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Stop scrubbing dirty pots and pans. Use this simple kitchen tool instead

Set aside your sponge or steel wool this holiday season and learn to love the pot scraper.

Rich Brown Former Senior Editorial Director - Home and Wellness
Rich was the editorial lead for CNET's Home and Wellness sections, based in Louisville, Kentucky. Before moving to Louisville in 2013, Rich ran CNET's desktop computer review section for 10 years in New York City. He has worked as a tech journalist since 1994, covering everything from 3D printing to Z-Wave smart locks.
Expertise Smart home, Windows PCs, cooking (sometimes), woodworking tools (getting there...)
Rich Brown
4 min read

A pot scraper. It could change your life.

Rich Brown/CNET

I worked as a dishwasher twice in my life. The first time was at a sleepaway summer camp in northern Connecticut, where we served hot food to 300 sweaty children three times a day. Next, at a Bruegger's Bagels in Burlington, Vermont, among other tasks I washed prep pans, bread knives and mixing bowls in service to delicious breakfast carbs. I even once prepared a bagel for then Rep. Bernie Sanders (sesame, plain, not toasted, if I remember correctly.)

I had no pot scraper at either gig. I wish I had. All that time wielding pull-down sprayers and staring down towers of soiled stainless cookware helped me appreciate an alternative that I didn't discover until later, once I'd grown. As we approach holiday cooking season, and the inevitable stacks of messy plates, nests of used silverware and grease-rimed cookware, throw away your scouring sponge and your bristle brush. Invest in a cheap pot scraper. 

A pot scraper is a thin piece of plastic -- usually nylon -- with a beveled edge. It often has a thicker piece of plastic wrapped around its top edge as a grip. With a pot scraper, you can remove seemingly any cooking matter that has baked or dried onto a pot.

My kids, aged 5 and 9, are made almost entirely of my wife's macaroni and cheese. Homemade mac and cheese requires a turn in the oven, which of course results in a crust of burnt cheese stuck to the rim and sides of the baking dish.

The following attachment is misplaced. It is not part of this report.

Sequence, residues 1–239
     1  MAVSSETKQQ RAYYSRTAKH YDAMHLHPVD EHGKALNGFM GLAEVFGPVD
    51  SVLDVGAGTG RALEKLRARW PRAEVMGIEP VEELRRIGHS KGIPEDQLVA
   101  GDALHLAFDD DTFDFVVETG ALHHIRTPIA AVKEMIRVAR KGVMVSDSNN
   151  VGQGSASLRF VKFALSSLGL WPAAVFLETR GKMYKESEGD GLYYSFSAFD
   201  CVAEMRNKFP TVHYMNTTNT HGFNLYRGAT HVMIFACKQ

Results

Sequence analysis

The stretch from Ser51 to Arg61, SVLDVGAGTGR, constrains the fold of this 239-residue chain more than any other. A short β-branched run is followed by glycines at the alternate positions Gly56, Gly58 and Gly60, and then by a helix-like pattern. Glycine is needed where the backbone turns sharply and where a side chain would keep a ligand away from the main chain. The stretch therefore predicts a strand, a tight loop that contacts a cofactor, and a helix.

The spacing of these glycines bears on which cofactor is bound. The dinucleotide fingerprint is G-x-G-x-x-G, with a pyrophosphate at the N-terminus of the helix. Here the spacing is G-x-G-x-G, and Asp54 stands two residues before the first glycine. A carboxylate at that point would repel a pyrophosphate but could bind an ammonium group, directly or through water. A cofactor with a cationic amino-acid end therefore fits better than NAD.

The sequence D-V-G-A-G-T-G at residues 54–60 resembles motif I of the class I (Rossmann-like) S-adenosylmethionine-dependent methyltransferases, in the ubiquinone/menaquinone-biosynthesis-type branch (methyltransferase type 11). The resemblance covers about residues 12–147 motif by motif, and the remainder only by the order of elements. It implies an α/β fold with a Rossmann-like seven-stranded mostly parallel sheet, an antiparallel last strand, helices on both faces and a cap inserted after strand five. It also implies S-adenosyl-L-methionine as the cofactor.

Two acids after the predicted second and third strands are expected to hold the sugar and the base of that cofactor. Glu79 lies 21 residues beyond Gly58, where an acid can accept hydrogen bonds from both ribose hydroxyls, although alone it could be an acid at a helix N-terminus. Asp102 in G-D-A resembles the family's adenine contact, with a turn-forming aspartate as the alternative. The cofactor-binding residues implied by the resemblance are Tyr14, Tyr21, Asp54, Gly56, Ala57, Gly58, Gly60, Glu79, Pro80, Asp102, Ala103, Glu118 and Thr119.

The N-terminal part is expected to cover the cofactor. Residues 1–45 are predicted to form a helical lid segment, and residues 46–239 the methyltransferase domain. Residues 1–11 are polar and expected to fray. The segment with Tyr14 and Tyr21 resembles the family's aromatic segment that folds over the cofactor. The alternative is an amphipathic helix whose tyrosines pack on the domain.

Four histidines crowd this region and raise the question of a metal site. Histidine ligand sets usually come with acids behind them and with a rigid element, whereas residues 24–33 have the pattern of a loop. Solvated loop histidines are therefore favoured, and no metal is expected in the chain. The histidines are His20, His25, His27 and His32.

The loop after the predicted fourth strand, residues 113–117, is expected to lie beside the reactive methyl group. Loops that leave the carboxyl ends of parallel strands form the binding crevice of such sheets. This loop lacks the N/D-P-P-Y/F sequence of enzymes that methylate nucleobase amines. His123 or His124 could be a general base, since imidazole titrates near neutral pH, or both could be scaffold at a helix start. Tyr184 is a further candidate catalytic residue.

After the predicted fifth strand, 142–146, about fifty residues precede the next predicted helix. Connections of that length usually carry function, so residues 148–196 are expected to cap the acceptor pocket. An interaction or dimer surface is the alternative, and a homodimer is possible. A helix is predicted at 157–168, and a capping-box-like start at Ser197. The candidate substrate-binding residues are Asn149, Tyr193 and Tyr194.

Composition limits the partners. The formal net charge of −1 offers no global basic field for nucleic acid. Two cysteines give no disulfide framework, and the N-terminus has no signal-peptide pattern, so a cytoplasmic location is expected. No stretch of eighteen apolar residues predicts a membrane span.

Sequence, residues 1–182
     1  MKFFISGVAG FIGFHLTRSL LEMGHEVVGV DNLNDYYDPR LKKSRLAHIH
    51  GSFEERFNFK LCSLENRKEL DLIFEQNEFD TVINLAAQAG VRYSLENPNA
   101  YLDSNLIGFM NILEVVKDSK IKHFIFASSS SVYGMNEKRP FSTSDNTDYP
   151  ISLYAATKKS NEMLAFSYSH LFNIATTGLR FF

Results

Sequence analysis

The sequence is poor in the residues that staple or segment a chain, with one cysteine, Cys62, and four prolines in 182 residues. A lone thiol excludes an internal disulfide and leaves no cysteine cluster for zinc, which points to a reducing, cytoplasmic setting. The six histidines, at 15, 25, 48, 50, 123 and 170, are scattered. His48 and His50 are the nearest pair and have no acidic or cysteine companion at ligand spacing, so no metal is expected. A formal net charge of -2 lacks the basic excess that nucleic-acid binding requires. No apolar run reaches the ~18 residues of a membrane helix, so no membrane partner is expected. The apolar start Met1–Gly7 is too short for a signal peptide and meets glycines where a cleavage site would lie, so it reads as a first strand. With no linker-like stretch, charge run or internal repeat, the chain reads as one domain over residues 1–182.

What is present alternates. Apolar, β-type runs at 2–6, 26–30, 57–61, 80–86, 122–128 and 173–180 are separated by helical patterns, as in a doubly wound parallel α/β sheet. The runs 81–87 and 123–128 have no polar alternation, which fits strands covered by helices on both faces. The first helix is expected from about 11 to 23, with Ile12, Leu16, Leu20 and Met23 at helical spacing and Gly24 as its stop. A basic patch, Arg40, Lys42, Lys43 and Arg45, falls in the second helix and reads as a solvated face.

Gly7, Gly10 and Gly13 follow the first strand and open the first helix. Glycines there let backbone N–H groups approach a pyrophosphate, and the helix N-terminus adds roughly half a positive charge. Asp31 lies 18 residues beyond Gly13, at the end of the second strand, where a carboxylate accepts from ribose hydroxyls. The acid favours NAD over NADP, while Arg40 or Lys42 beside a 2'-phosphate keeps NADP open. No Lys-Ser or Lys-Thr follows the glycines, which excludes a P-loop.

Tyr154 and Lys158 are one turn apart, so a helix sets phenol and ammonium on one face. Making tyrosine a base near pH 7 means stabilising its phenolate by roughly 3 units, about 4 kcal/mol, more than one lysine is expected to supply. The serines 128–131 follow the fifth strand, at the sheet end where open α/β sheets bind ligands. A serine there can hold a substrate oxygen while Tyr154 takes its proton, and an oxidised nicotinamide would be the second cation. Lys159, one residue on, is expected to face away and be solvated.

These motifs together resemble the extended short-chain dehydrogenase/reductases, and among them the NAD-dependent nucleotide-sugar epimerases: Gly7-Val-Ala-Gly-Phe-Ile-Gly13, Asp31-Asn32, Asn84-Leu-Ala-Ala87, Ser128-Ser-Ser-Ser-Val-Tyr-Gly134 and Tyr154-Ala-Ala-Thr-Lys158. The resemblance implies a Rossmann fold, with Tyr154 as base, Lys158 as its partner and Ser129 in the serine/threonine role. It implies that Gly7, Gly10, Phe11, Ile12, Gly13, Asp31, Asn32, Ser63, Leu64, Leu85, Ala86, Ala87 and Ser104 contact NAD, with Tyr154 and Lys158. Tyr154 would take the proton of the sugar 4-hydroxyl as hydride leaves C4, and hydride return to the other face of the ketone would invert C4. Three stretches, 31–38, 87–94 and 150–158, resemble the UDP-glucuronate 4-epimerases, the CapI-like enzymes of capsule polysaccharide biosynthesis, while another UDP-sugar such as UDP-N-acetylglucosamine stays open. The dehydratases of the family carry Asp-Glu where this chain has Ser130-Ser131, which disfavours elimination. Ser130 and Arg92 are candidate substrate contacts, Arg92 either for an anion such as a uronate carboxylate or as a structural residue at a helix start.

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Mostly she uses an enamel-lined cast-iron dish for mac and cheese, but sometimes she uses glass. A bristle brush might get the pot clean eventually. Soaking the dish with water and dish soap can help, but inevitably it ends up transferring the leftover cheese and sauce to the bristles themselves, which you then have to clean separately or else end up with a rotten crud wand stinking up your sink.

This is dumb. It also takes longer than using a scraper, and it wears out the brush bristles since you have to really bear down to get everything up. 


The old way.

Jessica Dolcourt/CNET

Don't scrub, scrape

With a scraper, you can soak your dish first. Or not. Whether it's glass or enameled cast iron or stainless, your scraper doesn't care. Does it need elbow grease? It might, but you won't hurt your scraper if you really lean into it. To clean it, you simply wipe off whatever food remains with your finger and flick it into the sink. Hit it with a soapy sponge and some hot water if you must. Done.

Hate scrubbing eggs off your frying pan? A scraper will deal with those eggs. Burnt-on pie filling or barbecue sauce? Caramelized onions from a roasted chicken? A scraper will clean off all of that.

There is no soap receptacle to deal with on a scraper. It doesn't retain odors. It doesn't get in the way of your faucet handles or need a hook to hang from like a bristle brush does. It won't scratch your nonstick coating. 

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A lesson, and a recommendation

I'll end with an anecdote from the kitchen of that summer camp. We had just served macaroni and cheese for dinner. I was on pots that shift, which meant hand-washing a stack of commercial baking pans, each one caked with burnt-on béchamel, cheese and flecks of prison-grade pasta. That day, I scrubbed. 

I had a scouring sponge and a box of soapy steel wool pads for when things got serious. I scrubbed and scrubbed and an hour later I was the last one in the kitchen. My colleagues had departed to sneak a cigarette or run around outside with some unappreciative children. It was me and the corner of a pasta elbow that had somehow fused with the stainless steel pan. It wouldn't come off. 

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My instructions were to clean all the pans. This pan wouldn't clean. I contemplated taking the pan and burying it in the woods. Instead, I left that pan and that bastard piece of pasta to soak overnight. 

I came back in for the breakfast shift. The pan was still there. I poured out the soapy water and picked at the macaroni husk with my finger. It wouldn't come off. I scrubbed again. Nothing. I sighed, put the pan aside and turned my attention to a baking sheet covered in sausage grease. Had you eaten whatever the chef made in that pan next, you might have tasted a hint of soapy gluten. If I'd had a pot scraper, I might have saved you.